Methods or techniques for achieving the task(s) should be negotiated with the SU. Task-centred practice 'is designed to enhance the problem solving skills of participants, so it is important that tasks undertaken by clients involve elements of decision making and self-direction ...If the work goes well then they will progressively exercise more control over the implementation of tasks, ultimately enhancing their ability to resolve problems independently' (Ford and Postle, 2000:55).
The task-centred approach enabled fast and effective support to be provided for the SU. The 'time-limit is a brief statement about the likely length of time needed to reach the goal' (Doel and Marsh, 1992:51). A time limit is important for a number of reasons. It guards against drift, allows time for a review and encourages accountability. It also acts as an indicator of progress (Adams, Dominelli and Payne, 2002). The task phase consists of a series of developments and reviews. The implementation of reviews is important because it allows for an assessment of the success of the steps taken thus far and for any revision if required and also gives much greater accountability. The ending of the process of task-centred work will have been anticipated at the initial phrase. The concluding session should include a review of the work that has been accomplished by the SU in order to alleviate the target problem.
There are many advantages to task-centred practice. The main advantage is that task-centred practice does not mean simply assigning tasks, which is most common in behavioural and family therapies. It is a very well researched, feasible, and cost-effective method of working. It also takes into account not only individual, but also collective experiences. The source of the problem is not presumed to reside in only the service-user. Attention is paid to external factors such as welfare rights and housing, and where there is scope to supply 'power' it is taken in the form of information and knowledge giving. It also addresses the strengths of people and their networks. And it does not rely on the notion of self-disclosure via a one-way, vertical helping relationship. It attempts to put worker and client on the same level (Coulshed & Orme 1998: 123).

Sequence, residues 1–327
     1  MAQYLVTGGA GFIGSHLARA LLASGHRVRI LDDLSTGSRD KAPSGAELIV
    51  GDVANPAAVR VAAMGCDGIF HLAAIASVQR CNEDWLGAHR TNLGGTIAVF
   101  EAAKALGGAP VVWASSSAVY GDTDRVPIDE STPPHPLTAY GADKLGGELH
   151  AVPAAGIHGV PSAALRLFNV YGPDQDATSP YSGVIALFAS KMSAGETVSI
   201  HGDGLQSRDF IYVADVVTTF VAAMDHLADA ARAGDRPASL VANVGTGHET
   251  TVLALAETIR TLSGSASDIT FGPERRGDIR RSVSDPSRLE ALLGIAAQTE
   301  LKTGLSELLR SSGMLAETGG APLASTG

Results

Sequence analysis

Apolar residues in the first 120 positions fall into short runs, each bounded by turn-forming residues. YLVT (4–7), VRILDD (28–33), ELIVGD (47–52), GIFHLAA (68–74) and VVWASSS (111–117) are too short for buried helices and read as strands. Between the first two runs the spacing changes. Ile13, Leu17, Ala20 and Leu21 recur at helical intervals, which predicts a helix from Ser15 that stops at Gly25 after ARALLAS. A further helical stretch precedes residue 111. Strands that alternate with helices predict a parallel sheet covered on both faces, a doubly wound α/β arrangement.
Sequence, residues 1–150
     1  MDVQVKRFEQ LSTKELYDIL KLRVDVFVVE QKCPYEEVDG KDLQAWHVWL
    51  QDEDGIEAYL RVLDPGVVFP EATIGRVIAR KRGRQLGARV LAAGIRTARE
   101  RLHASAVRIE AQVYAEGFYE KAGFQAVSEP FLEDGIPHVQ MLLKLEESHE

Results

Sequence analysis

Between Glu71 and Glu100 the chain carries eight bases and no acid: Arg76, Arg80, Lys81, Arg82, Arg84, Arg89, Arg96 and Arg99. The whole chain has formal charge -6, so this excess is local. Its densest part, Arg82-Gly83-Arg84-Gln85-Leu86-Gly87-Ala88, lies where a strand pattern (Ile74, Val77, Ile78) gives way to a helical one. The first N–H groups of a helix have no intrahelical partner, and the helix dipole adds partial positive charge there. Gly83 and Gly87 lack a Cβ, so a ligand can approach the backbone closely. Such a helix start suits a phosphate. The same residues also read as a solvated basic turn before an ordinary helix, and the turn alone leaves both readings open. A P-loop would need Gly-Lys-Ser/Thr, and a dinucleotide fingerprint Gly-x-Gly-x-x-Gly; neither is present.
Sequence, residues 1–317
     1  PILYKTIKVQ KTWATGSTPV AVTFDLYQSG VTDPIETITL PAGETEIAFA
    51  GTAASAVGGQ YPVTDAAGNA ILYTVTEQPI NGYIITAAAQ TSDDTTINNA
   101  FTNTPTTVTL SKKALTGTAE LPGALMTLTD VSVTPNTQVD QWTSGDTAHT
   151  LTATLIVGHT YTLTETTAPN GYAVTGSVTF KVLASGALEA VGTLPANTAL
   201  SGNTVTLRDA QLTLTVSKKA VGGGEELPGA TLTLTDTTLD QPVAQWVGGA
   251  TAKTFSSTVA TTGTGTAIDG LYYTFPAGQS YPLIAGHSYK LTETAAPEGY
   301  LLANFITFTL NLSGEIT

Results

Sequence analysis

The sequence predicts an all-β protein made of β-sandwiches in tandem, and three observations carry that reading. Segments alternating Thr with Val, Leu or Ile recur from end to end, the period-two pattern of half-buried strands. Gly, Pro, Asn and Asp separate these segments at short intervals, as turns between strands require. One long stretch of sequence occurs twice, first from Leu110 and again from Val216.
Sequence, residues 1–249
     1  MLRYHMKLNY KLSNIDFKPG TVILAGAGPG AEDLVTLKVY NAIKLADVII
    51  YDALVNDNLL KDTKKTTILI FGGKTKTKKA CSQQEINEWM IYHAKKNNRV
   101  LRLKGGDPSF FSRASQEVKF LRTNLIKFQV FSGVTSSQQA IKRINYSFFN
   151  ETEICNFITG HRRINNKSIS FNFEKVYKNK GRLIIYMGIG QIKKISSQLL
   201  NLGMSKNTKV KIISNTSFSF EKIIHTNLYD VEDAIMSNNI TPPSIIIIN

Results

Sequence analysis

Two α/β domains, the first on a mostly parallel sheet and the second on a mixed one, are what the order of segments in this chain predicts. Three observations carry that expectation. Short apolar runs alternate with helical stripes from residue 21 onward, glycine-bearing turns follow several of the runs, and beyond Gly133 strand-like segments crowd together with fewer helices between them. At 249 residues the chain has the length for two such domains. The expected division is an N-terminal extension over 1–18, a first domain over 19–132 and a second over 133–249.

Althought the advantages to task-centred practice can be easily identified, the disadvantages and drawbacks are not as easy, as they are based on research. Research is important and vital as it enables us to see the drawbacks from within practice. Therefore, it is not only looking at the approach widely and hypothesising disadvantages, but putting the approach into practice and gathering relevant information to analyse any negative conclusions. Some of these disadvantages would be that underlying problems requiring longer term approaches may go unnoticed, it requires sustained efforts from SU who may sometimes be unable to do this due to physical or emotional strengths. Clients may be overwhelmed by problems and unable to deal with them in a structured way. However the social worker would still have a positive gain by improving their capacity for clearer thinking and forward planning, which in turn brings on successful intervention. It becames more realistic to tackle small, manageable objectives, rather than vague global ones (Coulshed & Orme 1998: 119).
The second intervention I have chosen is the Crisis intervention, which tends to be quite eclectic in the models it uses. It is a psychodynamic model which derives largely from Freud. Thompson (2005, p66) relates to the internal psychological conflicts between the irrational pleasure drives of the id and the social conscience of the super ego or psychological 'regulator'. This approach to social work sees social problems as owing much to a conflict between the wishes and the constraints and requirements of society. However Erickson (1959, 1963) provided a dividing line between two different types of crisis, maturational development and accidental-situational. Joanna's situation would fit into the accidental model which arises when individuals are affected by unexpected life events, such as her recent diagnosis of breast cancer, and her